|Mueller Warrant, George|
Submitted to: Pest Management Science
Publication Type: Peer Reviewed Journal
Publication Acceptance Date: 11/1/1999
Publication Date: 1/31/2000
Interpretive Summary: Herbicide resistant mutants of the weed annual bluegrass were found in grass seed fields in western Oregon. We used polymerase chain reaction (PCR) techniques (DNA fingerprinting) to study genetic diversity of this weed. We also examined the DNA sequence of an important chloroplast gene, psbA. The protein made from psbA is involved in the flow of energy from sunlight to chemical energy. Plants from several different fields we found to have a specific mutation in this gene that would interfere with th binding of several commonly used herbicides, diuron and metribuzin. This mutation has never before been found out in the wild. Plants with this mutation were able to survive higher rates of these herbicides, and have proliferated in the field, causing problems for grass seed growers. Other plants were found that resisted these herbicides without having this psbA mutation, suggesting that they possess other mechanisms of resistance.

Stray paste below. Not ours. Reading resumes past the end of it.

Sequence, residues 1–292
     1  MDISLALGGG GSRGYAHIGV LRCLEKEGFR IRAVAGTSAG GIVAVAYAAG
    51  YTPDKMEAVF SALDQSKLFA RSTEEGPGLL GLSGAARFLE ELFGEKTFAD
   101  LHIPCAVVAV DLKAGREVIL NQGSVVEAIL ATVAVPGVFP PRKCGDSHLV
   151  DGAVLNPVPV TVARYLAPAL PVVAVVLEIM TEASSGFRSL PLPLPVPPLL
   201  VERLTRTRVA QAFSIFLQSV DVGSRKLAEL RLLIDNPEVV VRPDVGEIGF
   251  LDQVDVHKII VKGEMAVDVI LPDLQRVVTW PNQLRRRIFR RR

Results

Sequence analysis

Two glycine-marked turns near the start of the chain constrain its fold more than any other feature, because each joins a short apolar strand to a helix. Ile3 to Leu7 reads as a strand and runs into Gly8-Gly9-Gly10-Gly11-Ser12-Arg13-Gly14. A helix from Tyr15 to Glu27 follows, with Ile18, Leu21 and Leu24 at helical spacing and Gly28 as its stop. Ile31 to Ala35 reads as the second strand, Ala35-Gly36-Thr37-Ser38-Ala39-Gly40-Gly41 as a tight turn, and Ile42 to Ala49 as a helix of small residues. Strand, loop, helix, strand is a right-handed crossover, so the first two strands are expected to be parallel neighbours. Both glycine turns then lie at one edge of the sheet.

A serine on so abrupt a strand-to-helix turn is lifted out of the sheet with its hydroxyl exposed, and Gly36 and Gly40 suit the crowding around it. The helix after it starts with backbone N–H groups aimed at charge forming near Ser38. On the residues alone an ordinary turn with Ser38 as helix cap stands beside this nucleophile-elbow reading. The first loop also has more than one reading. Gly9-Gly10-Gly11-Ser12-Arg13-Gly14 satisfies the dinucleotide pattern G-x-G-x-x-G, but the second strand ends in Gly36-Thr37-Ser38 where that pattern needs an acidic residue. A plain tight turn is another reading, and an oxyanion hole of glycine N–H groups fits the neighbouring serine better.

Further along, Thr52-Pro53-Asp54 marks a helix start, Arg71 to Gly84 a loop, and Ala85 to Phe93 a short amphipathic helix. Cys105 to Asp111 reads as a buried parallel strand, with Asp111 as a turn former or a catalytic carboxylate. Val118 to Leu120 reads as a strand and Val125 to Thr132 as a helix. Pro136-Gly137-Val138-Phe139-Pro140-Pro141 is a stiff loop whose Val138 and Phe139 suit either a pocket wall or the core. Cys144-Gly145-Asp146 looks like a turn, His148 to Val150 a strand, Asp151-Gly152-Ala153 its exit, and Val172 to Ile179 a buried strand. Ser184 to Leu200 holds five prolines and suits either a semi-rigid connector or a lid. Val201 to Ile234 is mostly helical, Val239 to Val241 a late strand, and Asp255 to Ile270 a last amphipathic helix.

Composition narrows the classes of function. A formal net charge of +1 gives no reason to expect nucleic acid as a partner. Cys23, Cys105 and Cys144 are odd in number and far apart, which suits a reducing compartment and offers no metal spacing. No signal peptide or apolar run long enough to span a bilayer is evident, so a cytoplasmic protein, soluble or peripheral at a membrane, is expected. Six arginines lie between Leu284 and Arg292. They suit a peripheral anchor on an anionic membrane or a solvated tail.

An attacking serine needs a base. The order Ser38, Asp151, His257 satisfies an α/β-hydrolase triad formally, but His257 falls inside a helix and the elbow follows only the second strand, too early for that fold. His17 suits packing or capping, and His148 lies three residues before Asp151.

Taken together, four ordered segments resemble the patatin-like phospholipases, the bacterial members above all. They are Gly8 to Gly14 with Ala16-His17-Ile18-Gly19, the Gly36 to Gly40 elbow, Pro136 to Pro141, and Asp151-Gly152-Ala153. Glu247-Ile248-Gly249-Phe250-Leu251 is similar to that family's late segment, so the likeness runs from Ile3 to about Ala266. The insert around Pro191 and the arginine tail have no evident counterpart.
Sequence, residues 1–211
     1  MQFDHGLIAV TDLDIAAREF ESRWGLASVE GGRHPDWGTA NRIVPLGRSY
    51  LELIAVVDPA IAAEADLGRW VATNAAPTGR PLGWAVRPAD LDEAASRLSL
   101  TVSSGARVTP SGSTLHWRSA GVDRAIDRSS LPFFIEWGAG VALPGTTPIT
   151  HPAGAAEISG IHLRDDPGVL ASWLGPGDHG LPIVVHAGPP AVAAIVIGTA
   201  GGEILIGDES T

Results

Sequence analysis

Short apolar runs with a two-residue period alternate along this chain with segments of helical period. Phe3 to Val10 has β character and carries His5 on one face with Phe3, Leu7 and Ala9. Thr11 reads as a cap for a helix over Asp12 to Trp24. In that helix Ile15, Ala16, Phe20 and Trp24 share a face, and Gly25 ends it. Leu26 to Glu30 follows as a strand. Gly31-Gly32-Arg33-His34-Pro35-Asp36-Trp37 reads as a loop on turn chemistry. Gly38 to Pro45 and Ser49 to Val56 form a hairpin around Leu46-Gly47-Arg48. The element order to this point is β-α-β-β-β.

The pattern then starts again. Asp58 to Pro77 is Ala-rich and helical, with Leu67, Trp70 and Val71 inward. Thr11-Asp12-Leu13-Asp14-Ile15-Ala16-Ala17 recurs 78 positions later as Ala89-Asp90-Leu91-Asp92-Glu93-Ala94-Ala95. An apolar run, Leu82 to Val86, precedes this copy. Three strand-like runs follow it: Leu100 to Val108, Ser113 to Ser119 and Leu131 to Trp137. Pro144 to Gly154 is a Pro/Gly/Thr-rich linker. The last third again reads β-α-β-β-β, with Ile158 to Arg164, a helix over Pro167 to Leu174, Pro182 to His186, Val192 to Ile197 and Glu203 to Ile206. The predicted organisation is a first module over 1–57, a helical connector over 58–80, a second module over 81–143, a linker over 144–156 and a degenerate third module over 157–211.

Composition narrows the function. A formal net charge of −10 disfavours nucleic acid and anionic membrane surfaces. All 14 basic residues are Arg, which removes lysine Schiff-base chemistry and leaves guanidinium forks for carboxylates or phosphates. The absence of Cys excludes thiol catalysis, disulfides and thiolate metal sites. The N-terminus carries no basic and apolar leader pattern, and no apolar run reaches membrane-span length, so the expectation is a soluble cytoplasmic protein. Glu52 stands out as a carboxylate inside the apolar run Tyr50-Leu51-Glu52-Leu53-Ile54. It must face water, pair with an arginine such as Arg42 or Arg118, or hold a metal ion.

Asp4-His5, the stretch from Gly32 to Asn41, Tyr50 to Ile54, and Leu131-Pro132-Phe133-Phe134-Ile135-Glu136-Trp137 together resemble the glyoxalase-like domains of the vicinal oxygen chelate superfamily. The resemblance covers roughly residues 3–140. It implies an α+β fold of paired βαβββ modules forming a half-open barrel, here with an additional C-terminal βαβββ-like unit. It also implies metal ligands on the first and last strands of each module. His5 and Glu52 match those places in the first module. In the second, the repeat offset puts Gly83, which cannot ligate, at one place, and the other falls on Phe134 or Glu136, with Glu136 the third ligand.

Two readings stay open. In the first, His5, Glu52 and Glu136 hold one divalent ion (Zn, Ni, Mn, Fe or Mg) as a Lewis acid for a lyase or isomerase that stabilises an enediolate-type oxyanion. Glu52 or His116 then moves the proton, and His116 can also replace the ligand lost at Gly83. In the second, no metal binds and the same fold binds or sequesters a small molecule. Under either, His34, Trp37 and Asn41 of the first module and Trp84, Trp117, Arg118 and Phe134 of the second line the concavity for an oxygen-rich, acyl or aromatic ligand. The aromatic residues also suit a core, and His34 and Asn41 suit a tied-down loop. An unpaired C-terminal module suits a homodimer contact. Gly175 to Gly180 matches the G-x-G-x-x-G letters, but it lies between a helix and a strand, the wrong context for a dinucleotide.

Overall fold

Technical Abstract: The herbicide-binding region of the chloroplast psbA gene from biotypes of Poa annua L. resistant and susceptible to metribuzin and diuron was selectively amplified using PCR. Sequence analysis of the fragment from six herbicide-resistant biotypes of P. annua exhibited a substitution from valine to isoleucine at position 219 of the D1 protein encoded by the psbA gene. This is the same mutation as reported for Chlamydomonas and Synechococcus through site-directed mutagenesis and in cell cultures of Chenopodium rubrum L. To our knowledge this is the first report of a higher plant exhibiting resistance in the field of photosystem II inhibitors due to psbA mutation other than position 264. The existence of additional bio- types of P. annua resistant to diuron or metribuzin but lacking mutation in the herbicide-binding region indicates that resistance to these herbicides can also be attained by other mechanisms.